Friday, 21 July 2017

National Liberal Figures in History

GUSTAV STRESEMANN (1878-1929)

Gustav Stresemann was a post-WW1 German Chancellor and Foreign Minister. As a young student he was drawn to a Liberal movement attempting to limit the power of the German Emperor Wilhelm II over Parliament (Reichstag). He combined his liberalism with a strident nationalism and whilst initially attracted to the ideas of the Liberal reformer (and nationalist) Friedrich Naumannn he ultimately threw his lot in with the National Liberals.

The latter was more a coalition than a single-minded party, one wing (that Stresemann was part of) focused on social reform while still ‘patriotic’ in foreign policy whilst the other had moved towards supporting business as part of a ‘nationalist’ agenda. Despite the differences Stresemann’s natural charisma and organisational skills attracted support from all wings of the party and, under the ‘unifying stresses’ of the First World War, took over leadership of the party (which had lost a lot of support since its’ heyday in the 1870′s).

The end of the War led to the abdication of the Emperor, the creation of the Wiemar Republic and a host of new parties. Stresemann initially joined the newly formed German Democratic Party (DDP) in 1918 but was rejected given his previous ‘annexationist’ views and formed the German People’s Party (DVP) the following year. The party promoted Christian family values, secular education, lower tariffs, opposition to welfare spending and agrarian subsides. Some of these policies could be seen in line with his earlier (reformist) National Liberal agenda but reducing welfare spending not. It seems however Stresemann was trying to find the cuts needed to pay the debt dictated by Versailles. Failure to do so would invite invasion and a loss of self-governance. He was protecting Germany’s status as a nation state. Internally he called for an end to the restrictive Prussian franchise and supported pure representative democracy.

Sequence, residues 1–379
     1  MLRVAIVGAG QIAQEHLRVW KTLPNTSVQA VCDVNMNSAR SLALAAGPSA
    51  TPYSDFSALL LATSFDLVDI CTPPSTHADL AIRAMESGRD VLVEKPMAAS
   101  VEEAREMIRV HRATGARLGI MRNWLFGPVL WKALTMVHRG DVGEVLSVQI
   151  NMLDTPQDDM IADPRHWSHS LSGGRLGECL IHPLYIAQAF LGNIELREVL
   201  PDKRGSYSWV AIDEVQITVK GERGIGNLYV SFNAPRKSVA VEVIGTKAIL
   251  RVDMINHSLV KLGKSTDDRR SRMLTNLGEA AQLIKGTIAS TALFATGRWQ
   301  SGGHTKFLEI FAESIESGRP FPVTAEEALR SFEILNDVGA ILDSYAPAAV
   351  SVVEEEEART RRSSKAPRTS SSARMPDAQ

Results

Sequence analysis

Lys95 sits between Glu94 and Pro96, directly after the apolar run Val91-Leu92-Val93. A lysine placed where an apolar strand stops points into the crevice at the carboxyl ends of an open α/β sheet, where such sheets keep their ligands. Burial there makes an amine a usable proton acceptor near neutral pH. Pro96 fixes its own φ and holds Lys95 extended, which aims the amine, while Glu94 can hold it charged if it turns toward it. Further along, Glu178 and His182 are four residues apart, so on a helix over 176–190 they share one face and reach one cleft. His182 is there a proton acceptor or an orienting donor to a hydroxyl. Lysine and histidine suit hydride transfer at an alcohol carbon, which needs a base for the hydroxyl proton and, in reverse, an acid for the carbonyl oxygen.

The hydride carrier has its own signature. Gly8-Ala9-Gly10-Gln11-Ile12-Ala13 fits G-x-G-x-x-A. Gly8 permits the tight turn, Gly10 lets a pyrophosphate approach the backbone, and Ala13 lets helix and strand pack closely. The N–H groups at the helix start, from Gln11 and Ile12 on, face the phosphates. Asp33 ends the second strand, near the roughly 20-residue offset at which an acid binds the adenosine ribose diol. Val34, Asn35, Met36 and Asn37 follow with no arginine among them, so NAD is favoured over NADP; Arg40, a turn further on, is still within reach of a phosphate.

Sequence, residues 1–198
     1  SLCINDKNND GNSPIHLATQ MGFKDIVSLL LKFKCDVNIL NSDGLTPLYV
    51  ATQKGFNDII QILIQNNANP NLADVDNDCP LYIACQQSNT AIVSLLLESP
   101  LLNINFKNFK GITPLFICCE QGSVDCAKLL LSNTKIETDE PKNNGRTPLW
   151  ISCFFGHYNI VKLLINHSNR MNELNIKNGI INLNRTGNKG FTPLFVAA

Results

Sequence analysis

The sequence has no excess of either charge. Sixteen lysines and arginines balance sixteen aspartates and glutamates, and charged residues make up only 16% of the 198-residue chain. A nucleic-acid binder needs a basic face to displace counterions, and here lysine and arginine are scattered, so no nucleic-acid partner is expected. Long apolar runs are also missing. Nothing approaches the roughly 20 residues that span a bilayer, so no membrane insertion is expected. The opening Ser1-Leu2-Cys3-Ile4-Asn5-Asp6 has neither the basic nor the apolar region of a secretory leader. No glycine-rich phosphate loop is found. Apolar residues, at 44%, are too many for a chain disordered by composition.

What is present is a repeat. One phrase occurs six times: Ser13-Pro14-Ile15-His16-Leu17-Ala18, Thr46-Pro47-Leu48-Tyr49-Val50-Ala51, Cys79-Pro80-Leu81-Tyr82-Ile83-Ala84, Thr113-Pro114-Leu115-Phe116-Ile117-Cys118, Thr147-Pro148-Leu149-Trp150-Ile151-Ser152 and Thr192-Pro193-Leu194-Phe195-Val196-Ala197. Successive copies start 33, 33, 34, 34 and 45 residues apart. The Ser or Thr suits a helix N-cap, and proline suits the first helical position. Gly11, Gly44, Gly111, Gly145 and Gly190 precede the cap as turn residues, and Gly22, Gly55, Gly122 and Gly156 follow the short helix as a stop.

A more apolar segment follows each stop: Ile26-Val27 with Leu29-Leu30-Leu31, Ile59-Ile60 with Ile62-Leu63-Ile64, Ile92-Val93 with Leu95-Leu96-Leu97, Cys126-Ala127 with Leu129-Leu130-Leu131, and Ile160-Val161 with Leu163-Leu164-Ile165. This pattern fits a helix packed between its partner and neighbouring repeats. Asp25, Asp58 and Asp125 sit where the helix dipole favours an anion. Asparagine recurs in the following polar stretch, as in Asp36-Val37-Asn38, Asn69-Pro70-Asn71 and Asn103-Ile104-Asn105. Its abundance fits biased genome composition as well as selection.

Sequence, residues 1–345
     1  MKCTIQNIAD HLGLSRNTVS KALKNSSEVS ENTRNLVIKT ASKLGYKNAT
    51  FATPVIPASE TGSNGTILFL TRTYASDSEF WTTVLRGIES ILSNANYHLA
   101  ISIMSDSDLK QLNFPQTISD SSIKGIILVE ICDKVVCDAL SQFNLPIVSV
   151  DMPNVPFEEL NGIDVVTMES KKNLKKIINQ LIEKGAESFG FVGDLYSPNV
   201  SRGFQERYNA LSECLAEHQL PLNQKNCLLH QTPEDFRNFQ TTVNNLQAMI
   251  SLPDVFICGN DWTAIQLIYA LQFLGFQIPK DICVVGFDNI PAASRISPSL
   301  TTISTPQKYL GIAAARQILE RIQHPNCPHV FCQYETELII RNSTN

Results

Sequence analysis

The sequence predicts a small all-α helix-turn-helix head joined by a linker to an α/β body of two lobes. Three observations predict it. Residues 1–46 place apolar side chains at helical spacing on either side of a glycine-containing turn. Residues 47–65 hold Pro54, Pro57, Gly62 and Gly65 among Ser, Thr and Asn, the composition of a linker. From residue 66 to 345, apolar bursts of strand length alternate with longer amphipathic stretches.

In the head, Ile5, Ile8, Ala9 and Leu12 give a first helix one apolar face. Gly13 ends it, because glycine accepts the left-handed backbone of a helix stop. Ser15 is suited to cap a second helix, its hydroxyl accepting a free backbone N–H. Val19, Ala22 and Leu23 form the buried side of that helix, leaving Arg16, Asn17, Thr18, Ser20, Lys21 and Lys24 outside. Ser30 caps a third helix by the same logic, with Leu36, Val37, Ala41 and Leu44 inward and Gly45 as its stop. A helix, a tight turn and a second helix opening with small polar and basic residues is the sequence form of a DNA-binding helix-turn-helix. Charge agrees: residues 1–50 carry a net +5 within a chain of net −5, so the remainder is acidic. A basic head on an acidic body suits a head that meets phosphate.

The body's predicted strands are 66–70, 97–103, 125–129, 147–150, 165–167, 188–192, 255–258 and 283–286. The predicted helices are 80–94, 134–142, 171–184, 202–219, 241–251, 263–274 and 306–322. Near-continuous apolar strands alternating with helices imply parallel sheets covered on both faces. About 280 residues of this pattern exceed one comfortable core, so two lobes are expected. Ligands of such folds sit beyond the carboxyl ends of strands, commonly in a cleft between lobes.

Although initially sceptical of the new Republic, out of all the German politicians he was one who really wanted to make Germany’s post-war democracy work and create a stable state. From the 1920s onwards Stresemann became an ever more powerful figure. Eventually he became the Chancellor and introduced initiatives to ease relationships with the other European powers and improve the economy.

Even after the coalition government fell apart a new one was formed with him as foreign minister where he tried to secure Germany’s economic independence through the Dawes (1924) and Young plans (1929) which limited war reparations. Other politicians were either powerless or hankering for (a disastrous) war. His courage in an atmosphere of helplessness or belligerence is to be admired. It was Germany’s loss when he died suddenly in 1929. It is highly likely that he would have become President and blocked the rise of Hitler with his mix of patriotism and social reform.

Whilst he expressed some views at odds with NL ideology e.g. restoring the the monarchy and imperialism he was a product of his environment and the times.

He supported his nation and defended it when countries tried to rip Germany apart. He also promoted self-determination and fought to maintain liberty, independence and democracy (in a country more at ease with authoritarianism) through peaceful negotiations and constructive agreements. Overall he is a symbol of what one man can do if he has the ideas and the motivation to see those ideas through.

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